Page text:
The unfortunate consequence of this is that we are losing this unique testimony to the crimes of communism due to natural processes and human intervention. It is, however, in our interest to maintain those places in the memory, if nothing else out of respect for the innocent victims of the Gulag and other forms of Soviet repression; these included not just citizens of the USSR but thousands of Czechs or citizens of Czechoslovakia and many different nationalities from Europe or America.
Three expeditions by the Gulag.cz team to what is known as the Dead Road (a railroad construction of Gulag camps no. 501 and 503 between Salekhard and Igarka) in Siberia’s polar regions (in 2009, 2011 and 2013) and one to the remains of uranium mining at the Borlag camp in the Kodar Mountains in the Zabaykalsky Krai (2016) are thus pretty rare in this respect. They followed on documentations carried out by Russian enthusiasts (mainly from the Memorial association), predominantly in the 1980s and 1990s (Moscow’s Museum of the Gulag began organizing expert expeditions a few years ago; many spots are also visited by tourist groups with no specialized background, frequently leading to the remnants dismantling). Our expeditions’ main objective was to document the still preserved camp remains in as much detail as possible in the given conditions and to share the results with the general public – see the Gulag Online Museum project, the documentary Journey to the Gulag as well as the creation of an educational tool in virtual reality. Nevertheless, such activity made it possible to significantly expand the contemporary knowledge of the repressive apparatus in the Communist totalitarian system; until now, we could only imagine such places or infer them from witnesses’ recollections, as the exact form of remaining constructions, buildings, or equipment was little known. The specific findings that these expeditions delivered will be outlined briefly in the following lines.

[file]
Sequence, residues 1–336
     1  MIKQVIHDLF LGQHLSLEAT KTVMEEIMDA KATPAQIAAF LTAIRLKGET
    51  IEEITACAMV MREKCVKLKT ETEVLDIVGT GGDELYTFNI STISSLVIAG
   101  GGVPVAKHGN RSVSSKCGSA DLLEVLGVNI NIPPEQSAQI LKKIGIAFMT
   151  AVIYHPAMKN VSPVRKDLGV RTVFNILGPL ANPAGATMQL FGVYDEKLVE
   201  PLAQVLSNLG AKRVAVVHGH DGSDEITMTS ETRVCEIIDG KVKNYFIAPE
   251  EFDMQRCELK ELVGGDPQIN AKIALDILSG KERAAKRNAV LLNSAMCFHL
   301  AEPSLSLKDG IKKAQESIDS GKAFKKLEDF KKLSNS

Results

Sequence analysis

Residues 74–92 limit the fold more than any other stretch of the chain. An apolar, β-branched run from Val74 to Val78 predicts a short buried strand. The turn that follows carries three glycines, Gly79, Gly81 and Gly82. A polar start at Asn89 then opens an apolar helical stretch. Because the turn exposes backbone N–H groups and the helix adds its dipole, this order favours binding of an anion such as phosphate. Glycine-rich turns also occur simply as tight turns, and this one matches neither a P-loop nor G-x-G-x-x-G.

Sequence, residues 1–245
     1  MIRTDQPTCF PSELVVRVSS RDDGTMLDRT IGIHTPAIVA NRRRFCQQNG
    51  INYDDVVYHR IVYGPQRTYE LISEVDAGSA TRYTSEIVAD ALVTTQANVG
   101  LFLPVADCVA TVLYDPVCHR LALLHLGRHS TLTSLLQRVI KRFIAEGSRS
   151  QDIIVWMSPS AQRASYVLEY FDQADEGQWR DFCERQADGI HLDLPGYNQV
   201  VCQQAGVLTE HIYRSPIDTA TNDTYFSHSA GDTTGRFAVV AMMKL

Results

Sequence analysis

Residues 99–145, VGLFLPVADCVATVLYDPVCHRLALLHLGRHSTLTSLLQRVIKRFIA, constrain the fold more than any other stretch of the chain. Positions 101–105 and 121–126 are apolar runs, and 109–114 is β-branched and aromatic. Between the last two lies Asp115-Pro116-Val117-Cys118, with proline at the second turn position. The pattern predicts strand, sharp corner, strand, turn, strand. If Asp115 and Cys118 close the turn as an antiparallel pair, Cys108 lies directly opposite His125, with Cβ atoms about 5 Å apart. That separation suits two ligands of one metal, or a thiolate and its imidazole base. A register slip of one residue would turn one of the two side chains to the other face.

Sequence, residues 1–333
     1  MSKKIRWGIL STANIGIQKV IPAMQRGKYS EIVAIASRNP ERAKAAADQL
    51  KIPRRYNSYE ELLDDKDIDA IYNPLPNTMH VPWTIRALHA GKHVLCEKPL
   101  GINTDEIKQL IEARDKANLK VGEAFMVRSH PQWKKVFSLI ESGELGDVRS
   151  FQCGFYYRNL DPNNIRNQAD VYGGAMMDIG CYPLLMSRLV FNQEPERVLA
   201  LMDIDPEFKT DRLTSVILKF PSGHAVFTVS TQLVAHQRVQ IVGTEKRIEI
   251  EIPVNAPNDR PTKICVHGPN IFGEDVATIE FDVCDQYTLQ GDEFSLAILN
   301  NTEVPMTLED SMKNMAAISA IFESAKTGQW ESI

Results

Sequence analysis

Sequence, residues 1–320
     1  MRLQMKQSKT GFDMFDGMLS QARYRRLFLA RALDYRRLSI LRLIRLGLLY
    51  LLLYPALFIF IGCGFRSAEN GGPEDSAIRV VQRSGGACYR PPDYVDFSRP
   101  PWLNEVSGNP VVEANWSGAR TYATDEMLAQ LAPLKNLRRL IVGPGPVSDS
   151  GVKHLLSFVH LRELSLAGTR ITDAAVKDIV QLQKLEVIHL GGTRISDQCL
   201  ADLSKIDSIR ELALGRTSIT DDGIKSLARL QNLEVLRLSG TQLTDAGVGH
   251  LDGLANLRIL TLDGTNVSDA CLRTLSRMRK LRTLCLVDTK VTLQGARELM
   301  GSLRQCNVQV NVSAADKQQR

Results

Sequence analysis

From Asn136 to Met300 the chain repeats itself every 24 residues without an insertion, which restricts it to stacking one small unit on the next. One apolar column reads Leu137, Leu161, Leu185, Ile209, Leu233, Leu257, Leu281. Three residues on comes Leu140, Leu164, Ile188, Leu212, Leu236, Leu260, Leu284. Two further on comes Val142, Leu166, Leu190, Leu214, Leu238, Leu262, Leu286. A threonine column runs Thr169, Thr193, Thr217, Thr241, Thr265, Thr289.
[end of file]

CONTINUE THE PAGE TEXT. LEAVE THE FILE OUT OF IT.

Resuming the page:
Gulag camps as unique archaeological sites
Qualified estimates put an astronomical number of 30,000 Gulag camps spread over a vast territory covering diverse climatic zones as well as contrasting types of natural and cultural landscapes; they were located both in completely remote regions and directly in urban locations or their immediate vicinity. Indeed, many current towns grew out of former labour camps. For this reason, it is impossible to provide a comprehensive summary that applies to all cases. Not surprisingly, the best-preserved Gulag remains are to be found in the most remote, hardest to access, and essentially uninhabited parts of Siberia.
For such cases in particular, our existing knowledge may be summed up in the following theses:
a) The exact camps’ locations are generally unknown; they have to be searched for at length on old military maps and satellite images in particular – alongside the current ones, we also draw on accessible spy satellite photos taken by the American CIA (especially the Corona project of 1960–1972).
b) No further information is available on a considerable number of the camps that have been discovered. In many cases, we do not even know their names (access to Russian archives is restricted; often, there are only random references to go on).